6. Start a vegetable garden. With fresh produce prices on the rise, you can’t go wrong by growing your own. As a child, my best friend and I used to cart away our moms’ garden goods to the shopping center at the top of our street. We sat up there on a blanket with a money bag and a sign, collecting summer cash from passers-by and those who happened to be in the mood for a slice of Jack’s Pizza, new riding equipment for equestrians, or perhaps a sweet confection, all available from various merchants. Nowadays, somebody would probably slap us with a fine or send us home to mom, telling us we needed a license to sell things. Thankfully, in the days of our early entrepreneurship, we learned the value of earning one’s keep and keeping a hold of it!

7. Don’t do your food shopping on an empty stomach! Many people believe that shopping for groceries while you are hungry is one of the worst things one can do, for the simple reason that if your stomach is growling, you will be more inclined to impulse buy. Hmm, that pepperoni looks good. Ooh…donuts! …and cookies, and candy, and ice cream, and potato chips, and fried chicken, and pizza… And eventually the cashier begins to wonder if you are pregnant – regardless of your sex – simply based on the gluttonous array of junk food and entrees safely stashed in your shopping cart. Better check out – after you’ve had something to eat to tide you over!

8. When bargain hunting, learn the art of discretion. If you didn’t come out specifically looking for it, you probably don’t need it. If you can’t think of a significant use for it within about 45 seconds (a gift for someone, to replace something that is old and decrepit in your house…), you probably don’t need it.

Sometimes some deals are just too good to pass up – like a $55 designer sweater for $1.95 at the Bon Ton, or a business suit in exactly your size for $5. No lie – these are actual bargains that I have sniffed out and taken advantage of. I can also tell you that I have three extras of those sweaters and three other shirts I got at the same price that have no home but a bag cluttering up my room. I’m sure I saved my receipt but I may have waited too long to make the return. (Find out from your stores how long you have to make a return or exchange if you think you might need to know.)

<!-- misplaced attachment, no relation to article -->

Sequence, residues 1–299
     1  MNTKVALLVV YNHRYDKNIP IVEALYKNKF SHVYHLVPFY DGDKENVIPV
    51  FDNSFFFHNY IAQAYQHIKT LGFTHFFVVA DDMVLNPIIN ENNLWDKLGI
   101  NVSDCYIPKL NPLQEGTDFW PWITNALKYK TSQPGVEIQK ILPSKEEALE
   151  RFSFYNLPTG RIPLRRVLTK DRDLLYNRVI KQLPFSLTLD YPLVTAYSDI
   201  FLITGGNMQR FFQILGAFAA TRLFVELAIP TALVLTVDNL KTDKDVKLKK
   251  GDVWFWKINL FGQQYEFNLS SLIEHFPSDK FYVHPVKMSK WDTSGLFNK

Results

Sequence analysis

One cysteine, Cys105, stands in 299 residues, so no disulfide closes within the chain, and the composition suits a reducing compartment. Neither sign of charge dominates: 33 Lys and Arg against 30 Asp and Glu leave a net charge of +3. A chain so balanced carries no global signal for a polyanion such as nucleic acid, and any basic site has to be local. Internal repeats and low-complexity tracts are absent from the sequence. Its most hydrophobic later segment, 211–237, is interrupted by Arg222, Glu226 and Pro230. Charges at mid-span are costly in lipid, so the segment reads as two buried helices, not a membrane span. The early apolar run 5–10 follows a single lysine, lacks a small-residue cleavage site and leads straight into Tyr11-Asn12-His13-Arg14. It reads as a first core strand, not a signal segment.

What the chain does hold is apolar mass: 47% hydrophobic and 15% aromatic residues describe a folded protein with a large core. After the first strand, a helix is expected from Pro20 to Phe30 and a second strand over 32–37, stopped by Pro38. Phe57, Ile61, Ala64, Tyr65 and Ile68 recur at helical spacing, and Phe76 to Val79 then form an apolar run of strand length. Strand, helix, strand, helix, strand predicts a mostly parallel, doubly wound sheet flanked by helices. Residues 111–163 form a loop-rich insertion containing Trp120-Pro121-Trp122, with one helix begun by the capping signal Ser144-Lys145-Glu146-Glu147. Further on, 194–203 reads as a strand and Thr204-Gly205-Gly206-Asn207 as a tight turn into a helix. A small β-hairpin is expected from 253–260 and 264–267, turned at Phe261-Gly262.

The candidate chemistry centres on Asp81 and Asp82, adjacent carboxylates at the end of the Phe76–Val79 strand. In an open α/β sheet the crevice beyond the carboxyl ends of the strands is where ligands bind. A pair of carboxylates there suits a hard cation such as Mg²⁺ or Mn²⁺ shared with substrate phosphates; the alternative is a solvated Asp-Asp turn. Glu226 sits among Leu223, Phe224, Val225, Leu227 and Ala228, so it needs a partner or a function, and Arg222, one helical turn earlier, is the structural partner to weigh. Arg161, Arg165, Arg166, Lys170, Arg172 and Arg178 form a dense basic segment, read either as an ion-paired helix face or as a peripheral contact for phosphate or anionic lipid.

9. Save your receipts.
You never know when the time might come that you will need them. OK, so if you did go out and get that burger meal against my advice, you really don’t have to feel bad destroying the evidence. I can’t really think of a time when you will need a receipt for a cheeseburger – and besides, that is something one would expect not to return!

Many stores will allow their consumers to return unopened merchandise as long as a receipt is presented at the time of return, unless otherwise posted. Some stores also value the customer’s business enough to accept opened makeup that the shopper did not like, as well as some other items that have been unwrapped.

10. Skim out a little of your paycheck for safekeeping. When you get your paycheck each pay period, make a commitment to yourself to set a certain amount aside for general savings. You should have a savings account at your bank into which you can easily deposit funds. Once you get into the habit of setting that money aside, it will sta
rt to add up and garner interest.